Our Souls at Night is Haruf’s final novel (he died in November 2014). It opens with the coming together of two old acquaintances in the town of Holt. Addie Moore, a widow stops in to see her long-time neighbour, Louis Waters, who is also widowed. Both are in their seventies. Addie makes the shocking proposal that they begin sleeping together, without sex, just to provide the comfort of companionship and the opportunity to talk together privately. Louis, a retired teacher, has a daughter and has lost his wife to illness. Addie has a son and has lost her husband to illness. They have both been alone for years and although they have known each other (everyone knows everyone in a small town) they have never been close. After considering this her proposal for some time, Louis packs his pajamas in a paper bag and walks over to Addie’s house where he knocks on the back door. She insists that he come to the front and that they not be ashamed of their actions for she has decided to do what she wants for once in her life.
In Addie’s bed at night the two share the past. They talk about their marriages, their relationships, their feelings, an affair, the death of a daughter, their lives. After a few visits Louis leaves his pajamas at Addie’s house. The small town gossips soon begin to talk. These two must violating some religious rule or command. They must be having non-marital sex together. Louis’s daughter complains to her father. Addie’s son, Gene, faced with marital problems, sends his young son to stay with his grandmother. Addie and Louis slowly connect with the boy and soon the three of them are going on picnics, playing catch, and selecting a dog for the boy.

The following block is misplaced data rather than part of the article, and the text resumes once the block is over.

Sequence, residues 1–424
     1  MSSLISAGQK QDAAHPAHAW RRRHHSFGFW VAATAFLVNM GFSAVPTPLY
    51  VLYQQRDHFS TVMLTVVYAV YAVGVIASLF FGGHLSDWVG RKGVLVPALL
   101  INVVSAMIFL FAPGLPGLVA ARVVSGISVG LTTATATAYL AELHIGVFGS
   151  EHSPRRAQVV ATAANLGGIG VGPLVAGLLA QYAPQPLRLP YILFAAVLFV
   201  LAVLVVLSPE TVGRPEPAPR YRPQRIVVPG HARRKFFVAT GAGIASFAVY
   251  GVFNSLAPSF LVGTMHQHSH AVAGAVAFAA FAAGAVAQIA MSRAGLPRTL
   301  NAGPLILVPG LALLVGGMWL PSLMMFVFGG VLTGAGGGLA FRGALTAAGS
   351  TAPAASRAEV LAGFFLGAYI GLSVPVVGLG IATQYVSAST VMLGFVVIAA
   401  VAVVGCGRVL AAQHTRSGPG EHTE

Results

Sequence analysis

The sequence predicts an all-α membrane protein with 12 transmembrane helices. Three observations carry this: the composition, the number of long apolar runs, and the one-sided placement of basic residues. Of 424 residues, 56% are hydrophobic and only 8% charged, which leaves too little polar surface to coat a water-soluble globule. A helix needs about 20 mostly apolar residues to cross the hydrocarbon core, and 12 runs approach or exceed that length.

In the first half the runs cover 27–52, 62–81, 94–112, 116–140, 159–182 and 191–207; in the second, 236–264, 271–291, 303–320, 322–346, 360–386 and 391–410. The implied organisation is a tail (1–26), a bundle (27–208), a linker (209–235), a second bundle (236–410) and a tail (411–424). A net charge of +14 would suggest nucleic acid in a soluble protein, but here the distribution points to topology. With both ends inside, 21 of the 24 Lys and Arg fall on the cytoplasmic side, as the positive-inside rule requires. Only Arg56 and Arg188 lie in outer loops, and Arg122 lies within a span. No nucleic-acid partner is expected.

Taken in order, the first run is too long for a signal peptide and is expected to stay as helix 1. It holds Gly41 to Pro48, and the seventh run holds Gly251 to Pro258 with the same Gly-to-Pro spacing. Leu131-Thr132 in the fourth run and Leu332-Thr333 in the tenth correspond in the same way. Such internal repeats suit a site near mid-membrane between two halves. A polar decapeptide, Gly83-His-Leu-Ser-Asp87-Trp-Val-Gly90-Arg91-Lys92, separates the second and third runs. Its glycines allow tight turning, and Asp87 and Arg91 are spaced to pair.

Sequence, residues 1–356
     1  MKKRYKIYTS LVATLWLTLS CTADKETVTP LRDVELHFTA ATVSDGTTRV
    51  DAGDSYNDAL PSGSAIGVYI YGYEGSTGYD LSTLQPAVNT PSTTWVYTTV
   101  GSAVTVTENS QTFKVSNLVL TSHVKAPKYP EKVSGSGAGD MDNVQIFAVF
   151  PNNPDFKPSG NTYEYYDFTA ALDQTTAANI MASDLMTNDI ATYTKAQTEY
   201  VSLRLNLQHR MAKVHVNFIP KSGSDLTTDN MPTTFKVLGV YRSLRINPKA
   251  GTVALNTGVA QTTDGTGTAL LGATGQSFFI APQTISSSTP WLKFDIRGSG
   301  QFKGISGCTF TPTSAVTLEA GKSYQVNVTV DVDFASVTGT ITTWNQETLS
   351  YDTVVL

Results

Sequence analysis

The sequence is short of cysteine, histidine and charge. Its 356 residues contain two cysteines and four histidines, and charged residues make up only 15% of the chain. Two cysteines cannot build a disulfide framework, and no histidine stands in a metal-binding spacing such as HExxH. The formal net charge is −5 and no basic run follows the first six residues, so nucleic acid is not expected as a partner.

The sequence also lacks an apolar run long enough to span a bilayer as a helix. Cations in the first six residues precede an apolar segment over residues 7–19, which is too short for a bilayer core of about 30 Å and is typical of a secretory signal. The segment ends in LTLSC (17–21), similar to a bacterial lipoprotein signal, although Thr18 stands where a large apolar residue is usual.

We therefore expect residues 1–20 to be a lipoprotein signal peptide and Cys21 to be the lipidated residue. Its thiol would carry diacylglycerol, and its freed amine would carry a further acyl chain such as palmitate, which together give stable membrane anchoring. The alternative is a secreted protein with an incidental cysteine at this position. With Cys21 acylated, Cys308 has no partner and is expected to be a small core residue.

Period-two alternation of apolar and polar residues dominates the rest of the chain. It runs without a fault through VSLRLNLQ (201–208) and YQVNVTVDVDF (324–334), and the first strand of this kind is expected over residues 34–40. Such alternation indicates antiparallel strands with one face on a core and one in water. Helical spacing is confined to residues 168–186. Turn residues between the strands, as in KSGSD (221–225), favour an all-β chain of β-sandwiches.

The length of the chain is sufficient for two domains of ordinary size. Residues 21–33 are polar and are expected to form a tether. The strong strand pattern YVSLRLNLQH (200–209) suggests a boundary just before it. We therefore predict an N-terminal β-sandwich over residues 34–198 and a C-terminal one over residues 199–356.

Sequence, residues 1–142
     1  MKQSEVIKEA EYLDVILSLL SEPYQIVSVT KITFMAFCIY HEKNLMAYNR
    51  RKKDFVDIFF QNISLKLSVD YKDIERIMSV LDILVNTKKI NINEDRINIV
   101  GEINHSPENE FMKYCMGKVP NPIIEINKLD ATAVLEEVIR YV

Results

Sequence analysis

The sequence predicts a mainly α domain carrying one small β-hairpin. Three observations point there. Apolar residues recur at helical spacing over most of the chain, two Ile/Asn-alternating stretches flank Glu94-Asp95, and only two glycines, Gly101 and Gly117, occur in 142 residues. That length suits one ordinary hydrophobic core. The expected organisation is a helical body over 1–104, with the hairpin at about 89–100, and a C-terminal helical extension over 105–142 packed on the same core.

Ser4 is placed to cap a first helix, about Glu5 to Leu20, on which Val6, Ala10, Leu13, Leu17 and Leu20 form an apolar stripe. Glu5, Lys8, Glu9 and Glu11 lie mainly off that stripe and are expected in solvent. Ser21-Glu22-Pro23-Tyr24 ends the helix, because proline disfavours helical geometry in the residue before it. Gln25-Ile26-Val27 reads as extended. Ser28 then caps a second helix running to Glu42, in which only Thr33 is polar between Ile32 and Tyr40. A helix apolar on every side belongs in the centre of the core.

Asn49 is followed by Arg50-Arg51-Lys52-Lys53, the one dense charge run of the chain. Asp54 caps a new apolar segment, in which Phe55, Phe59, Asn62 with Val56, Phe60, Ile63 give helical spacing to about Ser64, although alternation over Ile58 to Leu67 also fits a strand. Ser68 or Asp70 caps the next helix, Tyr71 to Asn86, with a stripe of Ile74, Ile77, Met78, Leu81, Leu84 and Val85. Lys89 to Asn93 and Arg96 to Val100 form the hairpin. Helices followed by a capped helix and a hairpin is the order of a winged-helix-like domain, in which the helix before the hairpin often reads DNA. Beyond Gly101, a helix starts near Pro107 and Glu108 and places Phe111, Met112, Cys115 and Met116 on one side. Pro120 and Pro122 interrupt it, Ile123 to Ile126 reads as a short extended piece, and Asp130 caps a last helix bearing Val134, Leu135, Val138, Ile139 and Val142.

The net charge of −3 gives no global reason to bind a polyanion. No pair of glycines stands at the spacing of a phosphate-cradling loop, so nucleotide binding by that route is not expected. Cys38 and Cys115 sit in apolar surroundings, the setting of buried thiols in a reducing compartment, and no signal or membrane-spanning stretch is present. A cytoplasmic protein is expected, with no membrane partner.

Haruf is at his best in presenting this fictional, but oh, so real, town and its townspeople set there in the plains – decent people and small- minded people, saints and sinners, working, talking living and dying. There are moments of tenderness in the relationship between the two elderly characters and moments of defiance between the two intimates and the town’s people. The recollections they share are moving and human especially when they are talking about errors that they have made. Here is Addie, for example, talking about the effect of her husband’s death:
But even now I can see it all clearly and feel that kind of otherworldliness, the sense of moving in a dream and making decisions that you didn’t know you had to make, or if you were sure of what you were saying. Gene was terribly upset by it. . . . It would have been better if we could have helped each other but that didn’t happen. I don’t think I tried too hard myself.
Haruf’s final novel is a love story. He has given us a love story of two decent characters who try to assert their connectedness into a world of suspicion and small mindedness. And like so many love stories it ends badly and with sadness.
Write your story, live your life, so when finished it can be said, “And it was good.”
Bob Lane is Professor Emeritus of Philosophy and Religious Studies at Vancouver Island University in Nanaimo, BC.